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WGC-2021

Abstract #82696 Published in IGR 20-4

Role of the autotaxin-lysophosphatidic acid axis in glaucoma, aqueous humor drainage and fibrogenic activity

Ho LTY; Osterwald A; Ruf I; Hunziker D; Mattei P; Challa P; Vann R; Ullmer C; Rao PV
Biochimica et Biophysica Acta - Molecular Basis of Disease 2020; 1866: 165560


Ocular hypertension due to impaired aqueous humor (AH) drainage through the trabecular meshwork (TM) is a major risk factor for glaucoma, a leading cause of irreversible blindness. However, the etiology of ocular hypertension remains unclear. Although autotaxin, a secreted lysophospholipase D and its catalytic product lysophosphatidic acid (LPA) have been shown to modulate AH drainage through TM, we do not have a complete understanding of their role and regulation in glaucoma patients, TM and AH outflow. This study reports a significant increase in the levels of autotaxin, lysophosphatidylcholine (LPC), LPA and connective tissue growth factor (CTGF) in the AH of Caucasian and African American open angle glaucoma patients relative to age-matched non-glaucoma patients. Treatment of human TM cells with dexamethasone, tumor necrosis factor-α (TNF-α) and interleukin-1β (IL-1β) increased the levels of autotaxin protein, a response that was mitigated by inhibitors of glucocorticoid receptor, NF-kB and SMAD3. Dexamethasone, TNF-α, IL-1β and LPC treatment of TM cells also led to an increase in the levels of CTGF, fibronectin and collagen type 1 in an autotaxin dependent manner. Additionally, in perfused enucleated mouse eyes, autotaxin and LPC were noted to decrease, while inhibition of autotaxin was increased aqueous outflow through the TM. Taken together, these results provide additional evidence for dysregulation of the autotaxin-LPA axis in the AH of glaucoma patients, reveal molecular insights into the regulation of autotaxin expression in TM cells and the consequences of autotaxin inhibitors in suppressing the fibrogenic response and resistance to AH outflow through the TM.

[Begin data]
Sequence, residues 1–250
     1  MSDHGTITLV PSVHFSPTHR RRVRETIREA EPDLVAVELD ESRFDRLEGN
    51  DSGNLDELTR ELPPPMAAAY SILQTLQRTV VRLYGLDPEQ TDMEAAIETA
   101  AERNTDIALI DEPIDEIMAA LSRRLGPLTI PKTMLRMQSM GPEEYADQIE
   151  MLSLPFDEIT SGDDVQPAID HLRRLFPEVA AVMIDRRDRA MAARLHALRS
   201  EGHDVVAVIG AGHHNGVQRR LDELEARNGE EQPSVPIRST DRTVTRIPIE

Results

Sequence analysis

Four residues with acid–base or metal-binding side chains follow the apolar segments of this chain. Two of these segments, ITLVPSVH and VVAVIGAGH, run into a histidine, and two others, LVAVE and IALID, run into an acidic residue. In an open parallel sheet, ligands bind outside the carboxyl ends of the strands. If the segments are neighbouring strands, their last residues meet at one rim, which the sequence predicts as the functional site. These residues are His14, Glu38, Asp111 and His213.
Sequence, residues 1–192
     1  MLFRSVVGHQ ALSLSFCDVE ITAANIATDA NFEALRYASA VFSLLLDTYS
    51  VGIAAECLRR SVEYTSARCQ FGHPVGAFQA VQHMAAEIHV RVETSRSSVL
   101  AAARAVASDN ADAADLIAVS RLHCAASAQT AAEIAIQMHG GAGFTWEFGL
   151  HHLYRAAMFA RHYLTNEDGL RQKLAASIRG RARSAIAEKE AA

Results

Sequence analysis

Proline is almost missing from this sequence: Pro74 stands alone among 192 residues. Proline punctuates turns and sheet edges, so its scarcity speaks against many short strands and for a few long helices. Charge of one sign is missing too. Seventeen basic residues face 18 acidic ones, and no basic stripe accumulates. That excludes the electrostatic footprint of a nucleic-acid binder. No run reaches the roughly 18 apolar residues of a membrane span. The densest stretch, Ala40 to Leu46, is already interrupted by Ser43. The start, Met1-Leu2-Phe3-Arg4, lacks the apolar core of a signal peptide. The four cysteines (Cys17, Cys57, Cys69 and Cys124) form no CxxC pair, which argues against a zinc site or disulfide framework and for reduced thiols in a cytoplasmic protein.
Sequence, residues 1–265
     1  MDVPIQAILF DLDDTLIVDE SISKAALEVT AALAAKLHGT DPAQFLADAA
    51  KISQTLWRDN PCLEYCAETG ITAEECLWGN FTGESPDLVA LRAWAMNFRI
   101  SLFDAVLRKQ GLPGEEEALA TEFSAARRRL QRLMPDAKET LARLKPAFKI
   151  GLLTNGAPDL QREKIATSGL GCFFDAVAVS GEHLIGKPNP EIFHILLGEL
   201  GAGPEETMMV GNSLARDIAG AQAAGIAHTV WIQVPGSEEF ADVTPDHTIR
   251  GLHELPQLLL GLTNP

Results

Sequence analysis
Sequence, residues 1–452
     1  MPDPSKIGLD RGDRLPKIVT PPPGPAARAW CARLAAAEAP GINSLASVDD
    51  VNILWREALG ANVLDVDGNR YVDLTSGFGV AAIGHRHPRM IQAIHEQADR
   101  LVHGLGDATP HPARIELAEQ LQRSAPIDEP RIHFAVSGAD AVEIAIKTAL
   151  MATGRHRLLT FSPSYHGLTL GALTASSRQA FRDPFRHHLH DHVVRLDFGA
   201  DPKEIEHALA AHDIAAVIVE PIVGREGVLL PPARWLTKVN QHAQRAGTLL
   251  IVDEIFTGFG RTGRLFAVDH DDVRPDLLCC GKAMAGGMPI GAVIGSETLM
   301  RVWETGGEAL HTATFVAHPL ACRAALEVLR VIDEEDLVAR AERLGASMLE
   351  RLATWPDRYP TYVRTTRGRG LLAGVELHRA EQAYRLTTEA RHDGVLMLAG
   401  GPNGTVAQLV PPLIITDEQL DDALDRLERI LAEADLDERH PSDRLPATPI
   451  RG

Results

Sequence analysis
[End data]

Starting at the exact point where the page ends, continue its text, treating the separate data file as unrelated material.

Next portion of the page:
Department of Ophthalmology, Duke University School of Medicine, Durham, NC, USA.

Full article

Classification:

2.6.2.1 Trabecular meshwork (Part of: 2 Anatomical structures in glaucoma > 2.6 Aqueous humor dynamics > 2.6.2 Outflow)
3.8 Pharmacology (Part of: 3 Laboratory methods)
3.6 Cellular biology (Part of: 3 Laboratory methods)
2.5.1 Trabecular meshwork (Part of: 2 Anatomical structures in glaucoma > 2.5 Meshwork)



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